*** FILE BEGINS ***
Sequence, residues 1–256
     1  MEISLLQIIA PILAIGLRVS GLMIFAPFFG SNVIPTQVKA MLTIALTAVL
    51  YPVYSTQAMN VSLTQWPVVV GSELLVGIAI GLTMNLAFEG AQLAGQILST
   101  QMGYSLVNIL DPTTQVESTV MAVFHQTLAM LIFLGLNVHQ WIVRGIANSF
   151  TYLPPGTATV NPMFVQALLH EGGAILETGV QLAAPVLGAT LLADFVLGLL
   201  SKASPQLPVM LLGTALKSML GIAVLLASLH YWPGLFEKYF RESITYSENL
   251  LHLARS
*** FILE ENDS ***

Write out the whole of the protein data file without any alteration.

Sequence, residues 1–256
     1  MEISLLQIIA PILAIGLRVS GLMIFAPFFG SNVIPTQVKA MLTIALTAVL
    51  YPVYSTQAMN VSLTQWPVVV GSELLVGIAI GLTMNLAFEG AQLAGQILST
   101  QMGYSLVNIL DPTTQVESTV MAVFHQTLAM LIFLGLNVHQ WIVRGIANSF
   151  TYLPPGTATV NPMFVQALLH EGGAILETGV QLAAPVLGAT LLADFVLGLL
   201  SKASPQLPVM LLGTALKSML GIAVLLASLH YWPGLFEKYF RESITYSENL
   251  LHLARS